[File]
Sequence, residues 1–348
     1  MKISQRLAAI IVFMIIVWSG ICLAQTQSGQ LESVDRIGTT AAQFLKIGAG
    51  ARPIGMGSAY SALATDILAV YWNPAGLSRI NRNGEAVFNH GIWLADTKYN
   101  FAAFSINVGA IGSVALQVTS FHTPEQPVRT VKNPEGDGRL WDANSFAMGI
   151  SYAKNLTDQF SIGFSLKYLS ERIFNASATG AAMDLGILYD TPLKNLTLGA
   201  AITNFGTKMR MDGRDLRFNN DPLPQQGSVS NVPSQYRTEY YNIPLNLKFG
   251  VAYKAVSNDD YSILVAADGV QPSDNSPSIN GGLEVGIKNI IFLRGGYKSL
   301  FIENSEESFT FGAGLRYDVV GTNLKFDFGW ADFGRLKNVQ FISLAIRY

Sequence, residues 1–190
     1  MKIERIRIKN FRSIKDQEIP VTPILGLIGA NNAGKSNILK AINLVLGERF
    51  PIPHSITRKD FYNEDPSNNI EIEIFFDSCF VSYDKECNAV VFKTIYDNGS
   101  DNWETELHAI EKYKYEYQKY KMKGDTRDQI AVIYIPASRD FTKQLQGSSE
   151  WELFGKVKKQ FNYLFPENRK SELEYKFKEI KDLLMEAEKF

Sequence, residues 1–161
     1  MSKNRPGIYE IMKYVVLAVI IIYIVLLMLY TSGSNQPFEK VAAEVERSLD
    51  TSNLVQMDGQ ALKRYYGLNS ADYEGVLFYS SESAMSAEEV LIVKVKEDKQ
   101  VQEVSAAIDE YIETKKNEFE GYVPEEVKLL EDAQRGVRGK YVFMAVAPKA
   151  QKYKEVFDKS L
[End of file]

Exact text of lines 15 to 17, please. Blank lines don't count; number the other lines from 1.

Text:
     1  MSKNRPGIYE IMKYVVLAVI IIYIVLLMLY TSGSNQPFEK VAAEVERSLD
    51  TSNLVQMDGQ ALKRYYGLNS ADYEGVLFYS SESAMSAEEV LIVKVKEDKQ
   101  VQEVSAAIDE YIETKKNEFE GYVPEEVKLL EDAQRGVRGK YVFMAVAPKA